Main Content

Stay Legally Compliant

For your own records: internal requirements

You’ll need to meet external and internal business compliance requirements. Most external requirements involve filing paperwork or paying taxes with state or federal governments.

Internal business requirements are for your own record keeping. You should document your compliance with internal requirements closely with company records. You might need them when you decide to sell your business or if a legal action is taken against your business.

Requirements by business structure
Corporations have the strictest internal requirements. Corporations should hold initial and annual director and shareholder meetings, record their meeting minutes, adopt and maintain bylaws, issue stock to shareholders, and record all stock transfers.

LLCs have less strict internal requirements, but are generally advised to maintain an updated operating agreement, issue membership shares, record all membership interest transfers, and hold annual meetings.

Other business structures have few, if any internal requirements. However, it’s rarely a bad idea to document important decisions with your business.

Comply before they buy

John and Kelly learned about laws and regulations their business has to follow to ensure it operates legally.

John and Kelly’s auto repair shop has to comply with state and federal business laws, as well as industry regulations.

As an auto repair shop, John and Kelly’s business has to follow environmental regulations regarding the handling of hazardous liquids and other materials. They check the website of their state Environmental Protection Agency and find a checklist of regulations they must follow and permits they have to obtain.

Some of their employees have been trained and certified by EPA-approved organizations on the proper way to handle hazardous materials. John and Kelly keep records of the certificates and permits.

Part of staying legally compliant means paying all federal and state taxes. Additionally, John and Kelly renew their business license along with other local permits they need to continue to stay within code and operating regulations.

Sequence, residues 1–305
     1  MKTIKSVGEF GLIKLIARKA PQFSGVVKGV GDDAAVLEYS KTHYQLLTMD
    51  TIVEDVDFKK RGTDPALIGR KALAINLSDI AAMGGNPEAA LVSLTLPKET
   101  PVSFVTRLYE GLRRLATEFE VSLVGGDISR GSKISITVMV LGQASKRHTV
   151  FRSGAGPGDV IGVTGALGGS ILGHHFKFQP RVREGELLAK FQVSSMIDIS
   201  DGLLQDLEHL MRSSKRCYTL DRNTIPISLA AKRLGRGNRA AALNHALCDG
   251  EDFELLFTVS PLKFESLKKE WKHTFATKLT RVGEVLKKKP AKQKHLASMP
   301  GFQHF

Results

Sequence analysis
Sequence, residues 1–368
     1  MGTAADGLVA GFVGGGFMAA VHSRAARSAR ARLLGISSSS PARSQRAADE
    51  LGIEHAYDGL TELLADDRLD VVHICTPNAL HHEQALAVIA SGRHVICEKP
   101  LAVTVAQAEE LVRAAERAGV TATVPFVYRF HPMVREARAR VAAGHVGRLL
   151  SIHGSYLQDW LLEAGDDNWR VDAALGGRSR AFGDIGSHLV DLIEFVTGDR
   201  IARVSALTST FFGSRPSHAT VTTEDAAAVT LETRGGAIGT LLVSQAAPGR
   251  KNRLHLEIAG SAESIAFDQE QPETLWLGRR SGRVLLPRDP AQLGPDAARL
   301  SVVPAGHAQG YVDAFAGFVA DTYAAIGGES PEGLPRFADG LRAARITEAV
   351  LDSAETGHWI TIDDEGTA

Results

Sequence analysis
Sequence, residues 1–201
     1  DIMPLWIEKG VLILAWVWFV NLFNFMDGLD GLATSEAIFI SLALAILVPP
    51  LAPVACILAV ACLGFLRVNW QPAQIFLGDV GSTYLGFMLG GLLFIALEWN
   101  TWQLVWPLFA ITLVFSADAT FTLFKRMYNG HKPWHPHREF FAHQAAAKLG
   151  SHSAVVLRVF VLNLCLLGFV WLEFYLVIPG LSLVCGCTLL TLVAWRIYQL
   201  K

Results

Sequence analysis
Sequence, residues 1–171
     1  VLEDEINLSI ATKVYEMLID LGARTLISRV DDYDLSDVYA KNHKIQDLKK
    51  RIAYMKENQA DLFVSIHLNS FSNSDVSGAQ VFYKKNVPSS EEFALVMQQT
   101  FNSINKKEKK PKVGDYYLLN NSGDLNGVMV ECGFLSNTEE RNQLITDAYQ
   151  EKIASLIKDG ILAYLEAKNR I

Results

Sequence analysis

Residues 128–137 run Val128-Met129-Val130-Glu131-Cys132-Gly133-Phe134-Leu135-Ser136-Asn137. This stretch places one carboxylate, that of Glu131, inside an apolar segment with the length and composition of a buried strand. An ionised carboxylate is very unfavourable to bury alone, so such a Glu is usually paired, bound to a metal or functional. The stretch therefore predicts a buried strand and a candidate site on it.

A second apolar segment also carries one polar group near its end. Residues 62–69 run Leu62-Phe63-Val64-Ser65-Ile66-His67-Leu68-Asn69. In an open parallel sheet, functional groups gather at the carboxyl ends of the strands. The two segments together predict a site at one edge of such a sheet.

John and Kelly’s business is also required to display certain posters that inform employees of their rights. They get these posters free of charge from the U.S. Department of Labor.

John and Kelly’s business has met all its filing requirements and is legally compliant.

Ongoing state filing requirements

Your annual filing requirements will vary based on your business structure and the state. Still, there are a few common requirements to look out for.

  • Annual report or biennial statement. Most states require one or the other. Some states set the due date on the anniversary of the business formation date, and other states pick a specific day for all businesses.

  • Statement filing fees. Fees normally accompany the annual report or biennial statement, which can exceed $300.

  • Franchise tax. Some states charge franchise taxes for corporations or LLCs that operate with their border. Formulas vary by state.

  • Initial reports. Some states require initial reports and fees shortly after incorporation.

  • Articles of Amendment. If you’ve made important changes to your company – like address, name, new shares, or membership – report it with articles of amendment.

Ongoing federal filing requirements

Most businesses won’t have federal requirements beyond paying federal taxes and complying with the Affordable Care Act. Make sure that you meet all federal tax obligations, including income and employer taxes.

The Affordable Care Act requires businesses with 50 or more employees to report to the IRS that they provide health coverage.

If your business has any federal licenses, permits, or certificates, you’ll need to keep those up to date.

Other federal requirements
Some business activities are regulated but don’t require filing. Make sure to stay in compliance with any applicable marketing and advertising lawscopyright laws, workplace poster laws, workplace health and safety laws, and Americans with Disabilities Act (ADA) laws.

Maintain licenses, permits, and recertification

The documents for staying legally compliant vary based on your industry and location.

Maintain any licenses, permits, or certificates your business received from your state, city, or county. Renewal requirements vary, so it’s best to check with local business licensing offices.

For example, most restaurants need to regularly renew health and safety certificates. Businesses that sell regulated items like tobacco, alcohol, or tires might need to regularly renew their sales permits. For professional services like plumbing or nursing, the state might require certification with a third-party board to keep your license.

For federal licenses, permits, and certificates, check with the issuing institution to confirm renewal requirements for your business. Here’s a list of some common federal agencies and departments that small businesses register with:

U.S. Department of Agriculture (USDA)

Alcohol and Tobacco Tax and Trade Bureau (TTB)

Federal Aviation Administration

Bureau of Alcohol, Tobacco, Firearms and Explosives (ATF)

U.S. Fish and Wildlife Service

The Federal Communications Commission


Free Business Counseling
Connect with a SCORE, Small Business Development Center, Women's Business Center or Veterans Business Outreach Center adviser.


Icon Nav - Business Guide



Together, we can make
your financial goals a reality.